Value Stocks Are Back —At Least for Now

U.S. large-cap growth stocks may no longer be the safe bet that investors expect once higher interest-rates put pressure on equity valuations.

Angel Navarrete/Bloomberg

Angel Navarrete/Bloomberg

While growth equities faced massive selloffs in January amid concerns over rising rates, value stocks delivered another stellar month.

The value rebound comes after years of underperformance when even some stalwart value investors threw in the towel.

In January, value subfactors outperformed the U.S. market by an average of nearly 3 percent, “some of the highest outperformance [we’ve seen] on a monthly basis for factors,” according to the latest factor performance report by Investment Metrics. Meanwhile, only one growth subfactor — dividend growth — slightly beat the market in January.

Subfactors are alternative measurements of broader investing factors such as style (growth vs. value), size (large cap vs. small cap), and risk. Value subfactors, for example, might include book-to-price, earnings yield, and other measurements that help identify underpriced stocks, while growth subfactors can include metrics such as dividends, earnings, and sales.

“Growth typically underperforms in market selloffs,” James Monroe, senior consultant at Investment Metrics, told II. “Value doesn’t necessarily outperform the market during highly volatile periods, but value will typically not underperform as harshly as growth.”

According to a recent note from Goldman Sachs, the diverging performance of value and growth stocks has stemmed primarily from the looming threat of rate hikes. Until last year, value and growth factors had been highly correlated, according to Christian Mueller-Glissmann, head of asset allocation research at Goldman Sachs. But recently, according to the note, “investors have been selling growth stocks amid concerns that rising interest rates will put pressure on their equity valuations.”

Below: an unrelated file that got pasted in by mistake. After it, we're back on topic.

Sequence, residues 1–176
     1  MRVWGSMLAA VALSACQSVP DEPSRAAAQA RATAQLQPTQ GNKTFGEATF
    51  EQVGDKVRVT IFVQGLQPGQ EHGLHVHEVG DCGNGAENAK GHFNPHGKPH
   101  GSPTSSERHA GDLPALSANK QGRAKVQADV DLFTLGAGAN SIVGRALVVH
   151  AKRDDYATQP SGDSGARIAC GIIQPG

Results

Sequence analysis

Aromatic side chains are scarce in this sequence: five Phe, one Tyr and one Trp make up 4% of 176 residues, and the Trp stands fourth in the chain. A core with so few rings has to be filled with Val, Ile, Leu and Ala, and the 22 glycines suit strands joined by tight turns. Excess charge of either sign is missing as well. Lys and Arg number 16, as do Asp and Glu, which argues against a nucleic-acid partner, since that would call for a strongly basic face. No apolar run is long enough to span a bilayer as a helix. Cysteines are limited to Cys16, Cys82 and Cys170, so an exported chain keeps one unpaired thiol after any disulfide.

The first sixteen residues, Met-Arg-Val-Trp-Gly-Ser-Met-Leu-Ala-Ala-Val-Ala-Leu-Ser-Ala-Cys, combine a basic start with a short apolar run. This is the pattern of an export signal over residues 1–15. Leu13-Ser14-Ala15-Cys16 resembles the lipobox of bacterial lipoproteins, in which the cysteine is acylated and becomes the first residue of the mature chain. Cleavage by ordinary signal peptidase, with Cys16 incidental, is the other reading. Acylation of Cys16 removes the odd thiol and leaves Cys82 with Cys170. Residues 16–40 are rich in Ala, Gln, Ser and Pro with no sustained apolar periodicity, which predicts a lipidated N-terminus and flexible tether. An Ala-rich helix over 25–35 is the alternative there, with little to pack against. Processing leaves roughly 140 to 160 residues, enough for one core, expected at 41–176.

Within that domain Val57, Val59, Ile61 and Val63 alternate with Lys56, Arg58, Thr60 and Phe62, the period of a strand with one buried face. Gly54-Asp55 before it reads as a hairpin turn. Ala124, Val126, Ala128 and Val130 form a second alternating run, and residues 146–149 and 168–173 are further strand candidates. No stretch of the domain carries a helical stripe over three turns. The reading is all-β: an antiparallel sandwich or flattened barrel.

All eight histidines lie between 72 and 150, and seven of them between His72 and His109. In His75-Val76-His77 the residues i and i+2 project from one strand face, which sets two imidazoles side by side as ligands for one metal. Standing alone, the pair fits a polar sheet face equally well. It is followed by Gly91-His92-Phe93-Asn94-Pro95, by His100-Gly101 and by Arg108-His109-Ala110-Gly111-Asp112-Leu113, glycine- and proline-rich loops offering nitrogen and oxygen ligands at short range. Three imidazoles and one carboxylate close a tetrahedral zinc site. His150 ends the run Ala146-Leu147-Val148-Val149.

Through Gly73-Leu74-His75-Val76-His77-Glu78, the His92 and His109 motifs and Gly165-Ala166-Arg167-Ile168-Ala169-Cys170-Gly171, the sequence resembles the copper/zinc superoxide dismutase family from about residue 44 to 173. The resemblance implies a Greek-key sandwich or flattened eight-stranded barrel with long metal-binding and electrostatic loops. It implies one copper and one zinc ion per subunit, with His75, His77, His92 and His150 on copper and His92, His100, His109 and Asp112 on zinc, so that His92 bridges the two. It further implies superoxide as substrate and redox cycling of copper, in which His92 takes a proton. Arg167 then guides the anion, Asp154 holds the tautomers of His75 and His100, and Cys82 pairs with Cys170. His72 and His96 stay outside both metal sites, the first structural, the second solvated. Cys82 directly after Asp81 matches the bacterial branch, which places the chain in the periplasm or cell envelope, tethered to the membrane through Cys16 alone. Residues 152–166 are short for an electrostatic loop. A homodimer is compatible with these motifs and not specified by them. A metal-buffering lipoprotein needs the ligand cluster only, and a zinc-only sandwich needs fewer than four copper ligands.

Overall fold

“Because of the sharp increase in rate volatility and real yields — which are the key discriminating factors between growth and value — the correlation between U.S. value and growth stocks has declined sharply in recent months,” the note added.

John Lynch, chief investment officer at Comerica Wealth Management, said that investor sentiment toward value and growth stocks will likely reverse in a high-rate environment. “In the environment of low interest rates over the past dozen years or so, longer-duration, low-margin, and high-valuation growth stocks have generated strong returns,” Lynch said. “In a rising rate environment, however, investors find opportunity with other investment vehicles that offer higher-yielding returns and a shorter-term profit timeline.”

This value and growth divergence has been consistent across regions. In Europe, all value subfactors outperformed the market by at least 1.4 percentage points in January, while most growth subfactors lagged the benchmark. In emerging markets and Australia, all value subfactors outran the market, whereas growth subfactors showed only mixed results.

Monroe said that factor performance across regions can diverge significantly in the short term, but that they tend to converge on a longer investment horizon. “If we look at time periods like one year or greater, the consistency across regions will be high,” he wrote. “If there is a significant and unexpected event like an energy shock or rate change (something with a big global impact), shorter time periods like January can have very strong rotations and factor signals. In these periods, the magnitude and consistency of factor performance [are] likely high.” He added that inflation and interest rates will determine the value vs. growth battle in the following months.

Mueller-Glissman said that the recent outperformance by value stocks could bring diversification benefits to growth investors. “The recent decorrelation between growth and value has created a large diversification benefit from having exposure to both styles (and non-U.S. regions) in portfolios,” he said in the Goldman note. “[This] is a big change from the last cycle, when it was best to just own U.S. large-cap growth stocks.”